Having migrated from Bangladesh at an early age, Fizz’s formative years were spent in the greater Boston area, where he pursued his higher education at Brandeis University. It was during his undergraduate tenure that the vibrant culture of social justice prevalent at Brandeis instilled in him an unwavering commitment to extensive philanthropic endeavors, particularly focused on promoting education equity among underprivileged children. Presently, as a board member at Centurion, Fizz effectively channels his passion for social justice to drive impactful change in the community.
Jim Floyd is a life-long Princeton, NJ resident and a psychologist. He graduated from Princeton University in 1969 with a concentration in Psychology. Dr. Floyd attended the University of Rochester and completed his Ph.D. in Clinical Psychology in 1975.
Between 1975 and 1979 Dr. Floyd was director of the Community Readjustment Program, a free outpatient psychological service for ex-offenders in Mercer County, NJ. He is retired from a career with the NJ State Division of Mental Health, including serving as the “psychology consultant” for the Division, and an administrator at Trenton Psychiatric Hospital, Trenton, NJ. Also, he is a licensed psychologist in NJ, has been listed in the National Register of Health Service Providers in Psychology, a member of the American Psychological Asso. & NJ Psychological Asso., and has had a private practice in psychology. Between 1987-2007 he had thirteen ‘Lecturer’ faculty appointments in the Psychology Dept. of Princeton University.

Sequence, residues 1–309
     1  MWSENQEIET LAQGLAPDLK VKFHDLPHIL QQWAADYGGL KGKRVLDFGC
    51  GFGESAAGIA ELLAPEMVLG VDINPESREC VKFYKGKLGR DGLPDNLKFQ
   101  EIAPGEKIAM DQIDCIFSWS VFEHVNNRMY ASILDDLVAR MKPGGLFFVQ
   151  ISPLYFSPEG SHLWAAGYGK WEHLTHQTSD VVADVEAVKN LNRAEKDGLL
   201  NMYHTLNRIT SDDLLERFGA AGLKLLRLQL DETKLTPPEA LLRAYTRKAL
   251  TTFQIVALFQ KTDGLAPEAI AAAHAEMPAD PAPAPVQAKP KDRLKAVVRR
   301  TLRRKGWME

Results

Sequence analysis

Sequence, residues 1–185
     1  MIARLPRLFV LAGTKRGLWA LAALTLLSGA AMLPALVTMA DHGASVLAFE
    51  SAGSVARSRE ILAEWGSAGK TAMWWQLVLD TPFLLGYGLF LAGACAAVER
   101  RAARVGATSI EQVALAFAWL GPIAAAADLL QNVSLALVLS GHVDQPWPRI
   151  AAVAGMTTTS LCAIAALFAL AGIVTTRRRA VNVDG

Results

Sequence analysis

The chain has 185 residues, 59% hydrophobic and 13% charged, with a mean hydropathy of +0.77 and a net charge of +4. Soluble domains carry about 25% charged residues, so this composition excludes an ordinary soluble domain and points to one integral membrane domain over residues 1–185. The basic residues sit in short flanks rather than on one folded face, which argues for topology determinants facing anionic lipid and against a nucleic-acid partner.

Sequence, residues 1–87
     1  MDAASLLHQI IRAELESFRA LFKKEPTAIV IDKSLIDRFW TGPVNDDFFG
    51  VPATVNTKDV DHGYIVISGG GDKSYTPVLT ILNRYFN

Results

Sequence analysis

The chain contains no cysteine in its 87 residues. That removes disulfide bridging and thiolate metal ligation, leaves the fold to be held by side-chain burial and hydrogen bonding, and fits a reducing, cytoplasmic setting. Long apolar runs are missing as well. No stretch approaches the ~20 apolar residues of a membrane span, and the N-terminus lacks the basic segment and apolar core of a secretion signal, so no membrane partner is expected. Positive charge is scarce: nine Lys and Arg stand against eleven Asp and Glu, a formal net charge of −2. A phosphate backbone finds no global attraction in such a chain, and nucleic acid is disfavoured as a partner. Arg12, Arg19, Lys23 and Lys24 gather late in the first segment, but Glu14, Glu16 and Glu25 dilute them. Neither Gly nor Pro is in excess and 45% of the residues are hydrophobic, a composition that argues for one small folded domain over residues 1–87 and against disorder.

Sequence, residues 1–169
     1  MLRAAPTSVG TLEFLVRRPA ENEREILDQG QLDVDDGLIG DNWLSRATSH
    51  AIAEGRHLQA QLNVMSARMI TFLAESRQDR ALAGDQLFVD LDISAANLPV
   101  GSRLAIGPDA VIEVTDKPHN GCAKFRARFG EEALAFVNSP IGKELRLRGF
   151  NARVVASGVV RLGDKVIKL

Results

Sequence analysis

Long before his name became synonymous with the modern legal thriller, he was working 60-70 hours a week at a small Southaven, Mississippi, law practice, squeezing in time before going to the office and during courtroom recesses to work on his hobby—writing his first novel.
Born on February 8, 1955 in Jonesboro, Arkansas, to a construction worker and a homemaker, John Grisham as a child dreamed of being a professional baseball player. Realizing he didn’t have the right stuff for a pro career, he shifted gears and majored in accounting at Mississippi State University. After graduating from law school at Ole Miss in 1981, he went on to practice law for nearly a decade in Southaven, specializing in criminal defense and personal injury litigation. In 1983, he was elected to the state House of Representatives and served until 1990.
One day at the DeSoto County courthouse, Grisham overheard the harrowing testimony of a twelve-year-old rape victim and was inspired to start a novel exploring what would have happened if the girl’s father had murdered her assailants. Getting up at 5 a.m. every day to get in several hours of writing time before heading off to work, Grisham spent three years on A Time to Kill and finished it in 1987. Initially rejected by many publishers, it was eventually bought by Wynwood Press, who gave it a modest 5,000 copy printing and published it in June 1988.